President Hakainde Hichilema's rise to power in Zambia was accompanied by grand promises of combating corruption and revitalising the country's economy to attract investors. However, recent events have cast doubts on his commitment, especially concerning his vow to protect whistleblowers.
What we are witnessing is a disheartening reality unfolding before us – a leadership that appears to be serving personal interests and those of a select few, rather than the greater good of the nation. True leadership should prioritise the well-being and needs of the people it serves.
In the recent past, our attention has been drawn to the plight of a courageous whistleblower within the Ministry of Finance. This individual, driven by a sense of duty, fearlessly exposed a massive embezzlement scandal spanning across the Ministries of General Education and Finance, involving over a billion kwacha of taxpayers' money.
Tragically, the whistleblower has become a victim of the very system they sought to reform. Senior government officials within the Ministry of Finance initiated unwarranted disciplinary actions against him. Shockingly, the whistleblower was abruptly transferred to Mongu in the Western Province, a move devoid of any justifiable rationale. Since January of the current year, his salary has been intentionally withheld, and he has now been completely removed from the payroll, exacerbating his suffering. To compound matters, the final cruel act by those responsible for his ordeal is the eviction from a safe house he had sought refuge, along with his family’s safety. He has been given an ultimatum (Friday, 06th October) to vacate, a decision that is currently under legal challenge.
If President Hichilema and his government fail to recognise this as a grave problem undermining the fight against corruption, we are left wondering what will prompt them to take decisive action.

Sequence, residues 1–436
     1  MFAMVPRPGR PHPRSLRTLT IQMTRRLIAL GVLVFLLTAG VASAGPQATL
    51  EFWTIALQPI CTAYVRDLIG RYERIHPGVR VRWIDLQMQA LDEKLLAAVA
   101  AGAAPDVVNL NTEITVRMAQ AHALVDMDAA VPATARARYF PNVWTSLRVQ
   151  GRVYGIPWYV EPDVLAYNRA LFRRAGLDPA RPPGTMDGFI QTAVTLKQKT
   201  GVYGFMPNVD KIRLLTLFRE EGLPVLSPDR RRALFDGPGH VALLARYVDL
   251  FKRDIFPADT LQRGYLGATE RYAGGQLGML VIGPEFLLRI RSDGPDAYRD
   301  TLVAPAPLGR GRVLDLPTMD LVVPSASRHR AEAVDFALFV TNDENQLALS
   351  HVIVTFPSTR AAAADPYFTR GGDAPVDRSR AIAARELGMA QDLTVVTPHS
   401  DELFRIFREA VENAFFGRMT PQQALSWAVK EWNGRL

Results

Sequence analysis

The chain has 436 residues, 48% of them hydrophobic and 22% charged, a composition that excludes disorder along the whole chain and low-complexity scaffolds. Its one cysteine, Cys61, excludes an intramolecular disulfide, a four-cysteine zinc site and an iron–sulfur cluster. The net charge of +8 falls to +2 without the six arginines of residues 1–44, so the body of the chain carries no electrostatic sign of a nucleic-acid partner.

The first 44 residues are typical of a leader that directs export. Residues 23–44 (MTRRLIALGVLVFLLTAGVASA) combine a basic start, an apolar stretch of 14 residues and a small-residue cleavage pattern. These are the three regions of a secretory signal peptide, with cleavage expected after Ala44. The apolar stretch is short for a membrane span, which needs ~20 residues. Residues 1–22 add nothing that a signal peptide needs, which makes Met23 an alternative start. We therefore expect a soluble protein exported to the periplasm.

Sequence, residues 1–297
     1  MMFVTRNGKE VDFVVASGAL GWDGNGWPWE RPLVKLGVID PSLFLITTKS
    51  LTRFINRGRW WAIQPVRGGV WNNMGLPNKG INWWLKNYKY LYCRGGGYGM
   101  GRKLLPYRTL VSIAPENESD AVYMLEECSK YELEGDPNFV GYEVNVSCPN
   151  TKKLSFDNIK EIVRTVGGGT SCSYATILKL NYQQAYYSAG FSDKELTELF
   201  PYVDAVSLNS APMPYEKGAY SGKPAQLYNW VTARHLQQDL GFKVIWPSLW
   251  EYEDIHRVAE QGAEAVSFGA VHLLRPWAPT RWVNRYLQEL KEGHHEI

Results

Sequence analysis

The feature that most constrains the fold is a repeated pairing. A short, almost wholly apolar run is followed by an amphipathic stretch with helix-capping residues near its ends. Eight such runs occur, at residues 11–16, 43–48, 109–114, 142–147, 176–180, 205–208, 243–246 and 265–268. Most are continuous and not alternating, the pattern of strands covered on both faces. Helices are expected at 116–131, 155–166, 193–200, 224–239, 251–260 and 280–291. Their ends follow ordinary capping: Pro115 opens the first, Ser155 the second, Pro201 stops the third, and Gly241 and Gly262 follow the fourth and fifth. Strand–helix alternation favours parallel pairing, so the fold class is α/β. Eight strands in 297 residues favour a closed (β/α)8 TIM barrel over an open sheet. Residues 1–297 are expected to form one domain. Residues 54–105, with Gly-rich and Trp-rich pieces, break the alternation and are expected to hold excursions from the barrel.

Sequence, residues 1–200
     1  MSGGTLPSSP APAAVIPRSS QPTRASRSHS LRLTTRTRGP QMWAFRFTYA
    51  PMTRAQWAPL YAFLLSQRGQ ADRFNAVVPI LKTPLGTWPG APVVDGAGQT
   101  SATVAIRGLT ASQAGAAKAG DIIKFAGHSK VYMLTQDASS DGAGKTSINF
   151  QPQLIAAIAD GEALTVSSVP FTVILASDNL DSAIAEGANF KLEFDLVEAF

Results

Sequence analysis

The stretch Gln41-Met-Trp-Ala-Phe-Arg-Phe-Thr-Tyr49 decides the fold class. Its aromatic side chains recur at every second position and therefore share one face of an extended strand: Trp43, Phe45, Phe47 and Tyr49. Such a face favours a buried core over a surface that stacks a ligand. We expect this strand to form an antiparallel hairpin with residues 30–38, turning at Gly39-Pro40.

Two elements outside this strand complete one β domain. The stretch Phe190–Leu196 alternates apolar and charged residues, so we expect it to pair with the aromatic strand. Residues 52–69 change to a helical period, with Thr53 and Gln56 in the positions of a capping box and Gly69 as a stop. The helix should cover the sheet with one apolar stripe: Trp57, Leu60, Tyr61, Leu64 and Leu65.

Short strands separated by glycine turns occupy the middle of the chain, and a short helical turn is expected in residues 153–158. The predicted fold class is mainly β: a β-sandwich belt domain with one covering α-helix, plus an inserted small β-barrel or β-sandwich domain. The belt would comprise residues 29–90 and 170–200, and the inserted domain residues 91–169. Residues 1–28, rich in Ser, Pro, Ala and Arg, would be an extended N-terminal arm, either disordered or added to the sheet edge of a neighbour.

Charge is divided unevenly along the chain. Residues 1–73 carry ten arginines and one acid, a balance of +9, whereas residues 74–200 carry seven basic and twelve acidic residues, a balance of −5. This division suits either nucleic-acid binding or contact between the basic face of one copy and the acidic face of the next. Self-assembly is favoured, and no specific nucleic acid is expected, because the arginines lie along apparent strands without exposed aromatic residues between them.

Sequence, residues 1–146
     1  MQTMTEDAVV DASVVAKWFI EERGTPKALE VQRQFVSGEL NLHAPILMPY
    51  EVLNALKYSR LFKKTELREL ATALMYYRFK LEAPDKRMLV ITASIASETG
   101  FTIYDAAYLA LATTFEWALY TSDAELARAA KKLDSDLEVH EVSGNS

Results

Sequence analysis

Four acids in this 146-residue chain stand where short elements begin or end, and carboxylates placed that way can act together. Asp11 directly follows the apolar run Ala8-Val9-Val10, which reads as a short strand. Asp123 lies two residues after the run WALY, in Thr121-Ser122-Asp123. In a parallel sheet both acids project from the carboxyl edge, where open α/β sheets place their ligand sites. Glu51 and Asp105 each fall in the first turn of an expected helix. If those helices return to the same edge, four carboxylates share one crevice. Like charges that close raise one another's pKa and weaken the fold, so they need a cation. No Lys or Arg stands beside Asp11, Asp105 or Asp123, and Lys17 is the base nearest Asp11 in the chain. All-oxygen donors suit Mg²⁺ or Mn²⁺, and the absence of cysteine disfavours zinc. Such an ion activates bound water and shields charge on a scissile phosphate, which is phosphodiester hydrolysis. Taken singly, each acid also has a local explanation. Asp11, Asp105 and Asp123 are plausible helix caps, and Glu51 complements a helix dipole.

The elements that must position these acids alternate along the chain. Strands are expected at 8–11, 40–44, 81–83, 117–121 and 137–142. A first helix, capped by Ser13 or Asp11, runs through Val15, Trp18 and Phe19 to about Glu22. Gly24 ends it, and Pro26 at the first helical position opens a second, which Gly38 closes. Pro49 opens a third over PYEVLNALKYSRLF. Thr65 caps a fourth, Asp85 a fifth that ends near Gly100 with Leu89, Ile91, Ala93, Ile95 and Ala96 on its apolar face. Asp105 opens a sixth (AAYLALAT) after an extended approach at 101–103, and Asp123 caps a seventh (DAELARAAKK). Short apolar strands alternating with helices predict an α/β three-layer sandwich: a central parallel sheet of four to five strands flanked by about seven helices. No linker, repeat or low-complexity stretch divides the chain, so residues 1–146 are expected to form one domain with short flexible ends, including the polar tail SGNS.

At MakanDay, we have chosen to shed light on this story because it aligns with the commitment, we made to expose the exploitation of the vulnerable by the powerful and to hold power elites accountable for the trust vested in them.
The aforementioned example is a stark illustration of how those in positions of power can become ensnared in the trappings and chains of leadership. As St. Ignatius of Loyola, the founder of the Jesuit Missionaries, astutely observed, people often pursue money, power, or honour, but once they attain these, they find themselves being controlled by these very pursuits.
It is high time for President Hichilema and his government to reflect on their commitment to combating corruption and protecting whistleblowers. A true test of leadership lies not only in the promises made but also in the actions taken to uphold the principles of transparency, accountability, and justice. Zambia deserves leaders who prioritise the welfare of the people and the integrity of the nation above all else.